I am always amazed by how the spirit moves when I am in the pulpit. This past Sunday, during a sermon about the religious thought of Albert Einstein, I was moved to do several “drop-ins”, or to say a few things in the moment that were not in my text. I find that the more comfortable I get in the pulpit, the more likely I am to do such impromptu changes.
In a section about Einstein’s belief that God “does not play dice with the universe”, I added the thought that it is possible to have a personal relationship with God, even if you believe that God does not have a personal relationship with you. Occasionally such a drop-in will become the center around which someone in the congregation will build their “inner-sermon”, and several members yesterday focused on this one simple, but complex idea…
It is possible to have a personal relationship with a God that does not know that you, individually, exist. Such a God may not even be capable of “knowing” in the human sense at all. Yet, you can feel a deep and abiding personal connection with God, with the divine that surrounds us all.
One of the greatest tragedies for many who begin moving towards a liberal faith is the sense of loss that can occur when they lose the ability to accept the idea of an interactive, personally aware, and responsive God. There is a sense of being special, a sense of wholeness that many have found in a relationship with a God who responds to prayer, who could be walking beside you, or carrying you down the beach, who is intimately involved in the daily minutia of your life. I remember feeling special as a young boy, because I knew that Jesus was living in my heart. I remember looking in my science text of what my heart looked like on the inside, trying to find the part where Jesus hung out.
I am a “Unitarian of the Holy Spirit”. I believe that God is all around us, God is in us, God is us. God exists in the smallest atom and in the largest galaxy, in the movement of ants and in the relationships of humans. God is in the connections between us, the ties that bind us. God is in both the beautiful and good, as well as the ugly and bad. There is no division in God, no dualism. Good and Evil, Us and Them, Right and Wrong, Left and Right… all bound together, all a part of the grandness that is the Holy Spirit of God.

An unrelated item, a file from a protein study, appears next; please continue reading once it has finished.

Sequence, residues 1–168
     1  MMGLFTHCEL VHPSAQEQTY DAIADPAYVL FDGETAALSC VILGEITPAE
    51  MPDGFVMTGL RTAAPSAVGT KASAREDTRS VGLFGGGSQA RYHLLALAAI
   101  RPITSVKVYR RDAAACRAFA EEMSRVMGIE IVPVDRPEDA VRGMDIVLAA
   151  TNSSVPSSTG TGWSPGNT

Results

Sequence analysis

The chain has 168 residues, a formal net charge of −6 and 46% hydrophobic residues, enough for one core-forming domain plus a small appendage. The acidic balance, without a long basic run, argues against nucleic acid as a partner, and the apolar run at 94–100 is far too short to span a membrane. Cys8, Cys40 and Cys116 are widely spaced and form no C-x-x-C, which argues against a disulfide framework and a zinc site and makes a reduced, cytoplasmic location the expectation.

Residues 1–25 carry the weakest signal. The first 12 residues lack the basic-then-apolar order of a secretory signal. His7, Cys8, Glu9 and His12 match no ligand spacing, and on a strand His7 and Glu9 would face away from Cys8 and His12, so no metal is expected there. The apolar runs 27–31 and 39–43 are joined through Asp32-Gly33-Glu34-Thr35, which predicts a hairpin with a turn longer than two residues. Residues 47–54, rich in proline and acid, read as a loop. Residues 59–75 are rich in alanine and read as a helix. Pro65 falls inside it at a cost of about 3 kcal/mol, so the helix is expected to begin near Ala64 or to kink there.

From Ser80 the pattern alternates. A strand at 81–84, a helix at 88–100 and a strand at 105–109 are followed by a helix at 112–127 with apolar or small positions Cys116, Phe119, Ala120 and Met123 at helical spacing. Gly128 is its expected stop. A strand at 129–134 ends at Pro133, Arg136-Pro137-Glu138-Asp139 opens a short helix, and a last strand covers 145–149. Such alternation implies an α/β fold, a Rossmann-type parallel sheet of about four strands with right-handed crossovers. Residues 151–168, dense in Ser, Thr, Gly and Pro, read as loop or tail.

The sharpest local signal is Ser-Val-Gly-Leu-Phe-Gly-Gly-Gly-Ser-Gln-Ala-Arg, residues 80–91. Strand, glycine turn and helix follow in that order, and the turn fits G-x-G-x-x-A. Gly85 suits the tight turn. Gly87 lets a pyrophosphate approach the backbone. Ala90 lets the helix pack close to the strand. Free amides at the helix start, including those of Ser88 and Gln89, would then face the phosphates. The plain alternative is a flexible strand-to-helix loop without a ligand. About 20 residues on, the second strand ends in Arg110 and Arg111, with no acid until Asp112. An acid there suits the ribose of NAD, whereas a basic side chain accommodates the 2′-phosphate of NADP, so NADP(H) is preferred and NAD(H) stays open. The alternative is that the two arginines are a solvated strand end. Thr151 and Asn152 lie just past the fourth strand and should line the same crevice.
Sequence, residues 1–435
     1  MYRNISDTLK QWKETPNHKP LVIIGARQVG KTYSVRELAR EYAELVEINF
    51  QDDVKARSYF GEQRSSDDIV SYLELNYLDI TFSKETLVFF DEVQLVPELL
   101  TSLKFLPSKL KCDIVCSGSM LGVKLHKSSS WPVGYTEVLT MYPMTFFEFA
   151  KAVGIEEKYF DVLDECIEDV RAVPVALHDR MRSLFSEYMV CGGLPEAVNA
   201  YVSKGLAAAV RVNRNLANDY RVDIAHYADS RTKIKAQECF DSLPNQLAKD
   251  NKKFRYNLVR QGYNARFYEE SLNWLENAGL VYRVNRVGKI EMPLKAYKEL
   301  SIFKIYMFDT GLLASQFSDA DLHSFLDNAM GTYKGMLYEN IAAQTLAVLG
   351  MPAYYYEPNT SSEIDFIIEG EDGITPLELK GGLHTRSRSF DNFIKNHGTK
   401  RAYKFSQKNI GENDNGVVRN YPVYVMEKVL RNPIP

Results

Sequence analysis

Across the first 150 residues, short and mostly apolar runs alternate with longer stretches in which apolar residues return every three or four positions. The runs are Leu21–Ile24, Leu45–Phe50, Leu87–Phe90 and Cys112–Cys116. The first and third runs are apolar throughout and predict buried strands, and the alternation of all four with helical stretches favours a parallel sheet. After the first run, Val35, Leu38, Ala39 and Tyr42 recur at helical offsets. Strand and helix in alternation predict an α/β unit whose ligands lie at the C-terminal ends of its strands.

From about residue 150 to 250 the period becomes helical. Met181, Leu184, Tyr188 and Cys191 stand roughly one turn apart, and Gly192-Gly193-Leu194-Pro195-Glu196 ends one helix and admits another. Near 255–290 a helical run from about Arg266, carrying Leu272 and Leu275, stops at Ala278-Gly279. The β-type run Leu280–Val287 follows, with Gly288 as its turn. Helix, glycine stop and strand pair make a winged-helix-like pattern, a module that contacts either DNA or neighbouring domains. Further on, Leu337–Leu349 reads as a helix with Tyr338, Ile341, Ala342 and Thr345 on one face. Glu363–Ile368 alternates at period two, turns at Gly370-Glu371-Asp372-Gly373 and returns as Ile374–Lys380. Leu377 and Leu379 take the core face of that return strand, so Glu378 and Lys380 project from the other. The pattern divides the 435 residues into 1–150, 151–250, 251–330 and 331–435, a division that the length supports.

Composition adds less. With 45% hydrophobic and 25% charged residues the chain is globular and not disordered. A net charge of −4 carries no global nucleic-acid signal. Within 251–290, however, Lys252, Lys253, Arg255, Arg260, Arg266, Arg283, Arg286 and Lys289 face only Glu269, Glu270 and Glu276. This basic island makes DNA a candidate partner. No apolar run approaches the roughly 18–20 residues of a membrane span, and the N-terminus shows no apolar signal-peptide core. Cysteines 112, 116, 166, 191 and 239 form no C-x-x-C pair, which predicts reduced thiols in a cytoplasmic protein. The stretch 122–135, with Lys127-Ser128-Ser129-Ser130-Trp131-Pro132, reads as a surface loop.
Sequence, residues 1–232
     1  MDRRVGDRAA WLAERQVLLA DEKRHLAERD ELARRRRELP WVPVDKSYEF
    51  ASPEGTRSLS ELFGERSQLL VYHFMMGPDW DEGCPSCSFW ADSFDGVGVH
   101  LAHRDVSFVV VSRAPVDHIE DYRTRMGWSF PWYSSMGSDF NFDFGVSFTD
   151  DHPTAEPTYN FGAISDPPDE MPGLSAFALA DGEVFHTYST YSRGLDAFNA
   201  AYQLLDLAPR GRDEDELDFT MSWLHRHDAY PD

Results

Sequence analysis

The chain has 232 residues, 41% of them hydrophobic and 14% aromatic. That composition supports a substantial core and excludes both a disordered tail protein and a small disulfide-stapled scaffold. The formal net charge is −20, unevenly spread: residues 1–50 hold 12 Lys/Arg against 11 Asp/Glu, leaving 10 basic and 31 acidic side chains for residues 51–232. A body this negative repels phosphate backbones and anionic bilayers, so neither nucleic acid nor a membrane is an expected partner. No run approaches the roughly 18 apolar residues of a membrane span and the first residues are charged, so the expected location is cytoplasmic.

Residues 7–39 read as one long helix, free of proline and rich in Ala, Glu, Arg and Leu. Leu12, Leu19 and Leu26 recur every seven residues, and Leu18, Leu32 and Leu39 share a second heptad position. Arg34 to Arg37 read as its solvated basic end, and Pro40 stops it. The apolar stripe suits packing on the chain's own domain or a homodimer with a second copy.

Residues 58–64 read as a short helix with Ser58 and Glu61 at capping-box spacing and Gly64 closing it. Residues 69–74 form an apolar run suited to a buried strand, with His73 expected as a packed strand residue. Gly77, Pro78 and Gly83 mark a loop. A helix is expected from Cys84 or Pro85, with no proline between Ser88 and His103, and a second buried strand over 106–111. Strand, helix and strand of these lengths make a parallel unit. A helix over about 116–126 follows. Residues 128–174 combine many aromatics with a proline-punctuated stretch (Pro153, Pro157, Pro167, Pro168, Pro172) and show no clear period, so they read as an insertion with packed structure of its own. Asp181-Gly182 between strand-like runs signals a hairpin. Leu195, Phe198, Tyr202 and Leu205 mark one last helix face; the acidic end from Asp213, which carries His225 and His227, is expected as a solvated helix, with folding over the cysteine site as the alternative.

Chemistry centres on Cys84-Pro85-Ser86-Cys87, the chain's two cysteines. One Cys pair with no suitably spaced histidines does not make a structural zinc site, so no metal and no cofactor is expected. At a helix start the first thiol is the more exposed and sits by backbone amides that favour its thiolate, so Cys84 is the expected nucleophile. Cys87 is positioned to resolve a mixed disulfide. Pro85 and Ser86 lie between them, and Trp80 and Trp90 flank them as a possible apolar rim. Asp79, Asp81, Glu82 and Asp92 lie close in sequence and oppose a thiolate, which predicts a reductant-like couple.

Peter Mayer, a folk singer, said it when he sang:
“This morning outside I stood,
And saw a little red-winged bird.
Shining like a burning bush,
Singing like a scripture verse,
It made me want to bow my head,
I remember when church let out.
How things have changed since then,
Because everything is Holy Now.”
My personal relationship with God is as intimate as a relationship can be. I walk with God, each and every day. I talk with God, each and every day. At times, God carries me, at times God helps me fly. I see the hand of God in the flight of birds, or in the caring glance of a friend. I see the works of God in those who work for justice, and in a life transformed in a moment’s flash of awareness. The Holy Spirit of God reminds me to be my better self, for it rests in the person who cut me off in traffic, in the person playing petty power games, in the war criminal and the murderer, just as it does in all.
The Holy Spirit of God surrounds me always, and I am in deep and abiding personal relationship with it… and yet… it has no individual and personal idea that I even exist… even though I am a part of it. It probably has no way to even conceive of individual existence.
This is what it means, to me, to be able to have a personal relationship with a God that does not have a personal relationship with you. It is the acceptance that God is intimately involved with us, every day, and yet it does not “know” us in the human sense. It is simply there, and we both participate with and are a part of it. The Holy Spirit that I call God flows through existence, and binds all together…
It is enough for me to know it is there, to see it and recognize it and interact with it. I do not need God to do the same for me. The presence of the transforming, powerful spirit of life is enough… more than enough… and I stand in awe of it.
Yours in Faith,